Tips for When to Take out the Camera, and When to Put It Away, When on Vacation in South Africa

There’s a lot you have to do when it’s time to get ready for your South African vacation. You have to research South Africa electronic visa requirements and obtain a visa, if necessary. You have to take precautions for your safety, and you have to pack your bags properly. One thing that many vacationers overlook is their camera!

By all means, grab your camera and be prepared to take pictures with your iPhone when you’re vacationing in South Africa, but you should also put a little forethought into when you should get out that camera, and when you shouldn’t.

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Tips for When to Take out the Camera, and When to Put It Away, When on Vacation in South Africa

Get out the Camera to Take Pictures of People

Why do you take pictures? This question can have many answers, but most people will say they take pictures to remember a particular moment. Think deeper and decide exactly what you want to remember about that moment.

For example, many vacationers take pictures of stuff. That might mean taking a picture of the sunset or the entry to an old building. This can make for some striking photos if you know what you’re doing. Unfortunately, most of us our amateur photographers, and we end up with a file full of dull, lifeless pictures we’ll never look at again.

Instead, focus on taking pictures of people. Take pictures of those you’re traveling with in front of that sunset or people exiting the Apartheid Museum. You’ll be more likely to revisit them later.

Get the Camera out to Take Pictures of Wildlife

Taking pictures of people is always worth your time, but wildlife is also worth whipping out your camera for, even if it’s just a lizard scurrying across the cement.

The trick is to take good pictures of wildlife so your snaps are worth revisiting. A few tips for taking good wildlife pictures include:

  • Learn how to take pictures in different conditions, like full sun and rain.
  • Learn how to adjust your camera’s settings to get the best shot possible.
  • Use a tripod, or steady your hands on an immovable object.
  • Take many pictures in succession to boost your chances of getting at least one good snap.
  • Be patient; you’ll catch more interesting moments if you wait for your subject to do something interesting.

Get the Camera out to Capture Local Events and Festivals

Local events and festivals are great opportunities to take pictures! In many countries, it’s when the local history and costumes are put on display. For example, in South Africa, Minstrel troupes march through the city wearing eye-catching sequin clothing.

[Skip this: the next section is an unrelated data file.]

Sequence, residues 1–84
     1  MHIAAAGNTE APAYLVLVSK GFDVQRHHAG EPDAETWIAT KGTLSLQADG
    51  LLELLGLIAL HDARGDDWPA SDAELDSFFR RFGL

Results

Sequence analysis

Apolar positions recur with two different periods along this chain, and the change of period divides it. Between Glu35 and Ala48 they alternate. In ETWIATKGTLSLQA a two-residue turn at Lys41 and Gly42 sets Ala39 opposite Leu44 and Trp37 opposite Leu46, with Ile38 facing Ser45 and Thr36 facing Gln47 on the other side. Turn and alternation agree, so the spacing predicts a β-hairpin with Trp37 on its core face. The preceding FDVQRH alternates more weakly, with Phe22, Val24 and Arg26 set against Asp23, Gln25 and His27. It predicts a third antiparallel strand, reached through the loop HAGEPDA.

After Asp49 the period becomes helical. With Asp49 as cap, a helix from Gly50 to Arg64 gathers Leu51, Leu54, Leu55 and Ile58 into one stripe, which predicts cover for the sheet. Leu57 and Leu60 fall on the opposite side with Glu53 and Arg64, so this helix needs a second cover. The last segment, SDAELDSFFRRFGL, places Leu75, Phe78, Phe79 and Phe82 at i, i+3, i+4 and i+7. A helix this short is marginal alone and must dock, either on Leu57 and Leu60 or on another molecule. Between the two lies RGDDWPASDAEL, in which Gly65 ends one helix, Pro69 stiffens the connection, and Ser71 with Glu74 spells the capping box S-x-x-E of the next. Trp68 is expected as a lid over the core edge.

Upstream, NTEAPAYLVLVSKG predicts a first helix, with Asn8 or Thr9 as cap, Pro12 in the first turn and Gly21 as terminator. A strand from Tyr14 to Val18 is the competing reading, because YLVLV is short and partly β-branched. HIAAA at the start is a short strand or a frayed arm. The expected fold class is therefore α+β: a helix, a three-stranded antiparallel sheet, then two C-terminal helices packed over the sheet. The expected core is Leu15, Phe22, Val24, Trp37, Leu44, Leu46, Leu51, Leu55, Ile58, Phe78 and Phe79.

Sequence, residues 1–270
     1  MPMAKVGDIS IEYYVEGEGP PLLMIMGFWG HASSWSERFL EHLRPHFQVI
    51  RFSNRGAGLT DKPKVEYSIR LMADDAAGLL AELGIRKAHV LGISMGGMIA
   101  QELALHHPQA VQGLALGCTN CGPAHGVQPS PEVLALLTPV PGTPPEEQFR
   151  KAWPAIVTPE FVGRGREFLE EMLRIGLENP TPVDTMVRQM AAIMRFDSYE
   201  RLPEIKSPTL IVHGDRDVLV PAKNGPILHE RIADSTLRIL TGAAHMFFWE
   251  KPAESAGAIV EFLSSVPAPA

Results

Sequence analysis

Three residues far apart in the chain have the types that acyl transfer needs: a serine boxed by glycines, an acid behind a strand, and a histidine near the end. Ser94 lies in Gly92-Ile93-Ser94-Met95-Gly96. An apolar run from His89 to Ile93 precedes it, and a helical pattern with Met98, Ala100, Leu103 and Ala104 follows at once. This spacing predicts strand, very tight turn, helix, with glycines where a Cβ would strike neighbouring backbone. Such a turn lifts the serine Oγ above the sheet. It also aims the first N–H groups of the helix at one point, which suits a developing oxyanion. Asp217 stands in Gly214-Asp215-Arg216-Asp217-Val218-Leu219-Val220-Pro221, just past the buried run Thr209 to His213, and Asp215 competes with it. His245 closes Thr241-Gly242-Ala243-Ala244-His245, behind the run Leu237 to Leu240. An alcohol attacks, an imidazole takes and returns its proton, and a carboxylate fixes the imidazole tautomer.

Less exciting events can also be worth a few snaps. For example, there are a lot of interesting people and things at outdoor markets that you can take pictures of.

Put the Camera Away When It’s Time to Eat

A lot of people spend a lot of time taking pictures of their food. Although it’s true that it can sometimes heighten your anticipation of eating what’s on your plate, repeatedly taking pictures can actually have the opposite effect. It’s as if you’re already tired of eating before you’ve even started!

Not to mention, your companions probably don’t like sitting down to eat at every restaurant and waiting while you take the perfect Instagram picture before getting started.

Instead, put your camera or phone away and enjoy your food. You’ll be much more likely to remember the way it tastes if you savor every bite instead of trying to remember what it looks like with a picture.

Put the Camera Away When Interacting with Locals

Taking pictures of the locals can be a great way to remember your vacation, but that doesn’t mean you should have your camera out when you’re interacting with them.

There are many ways South African locals can tell you’re a tourist, and one of them is the fact that you’ve got your camera around your neck or your phone glued to your hand. If you don’t want to be treated differently just because you’re from the states, you should put the camera away when you order food when you talk to stall vendors at a farmer’s market, and when you’re walking by people gathered outside their homes.

Vacation is one of the best times to take pictures, but that doesn’t mean everyone and everything deserves a quick snap. Spend more time soaking up your vacation and living in the moment by knowing when to capture a memory, and when to leave your camera in your bag.


A wanderer. A frustrated photographer. Hiker. Lover. Half extrovert, half introvert. Solo traveler.

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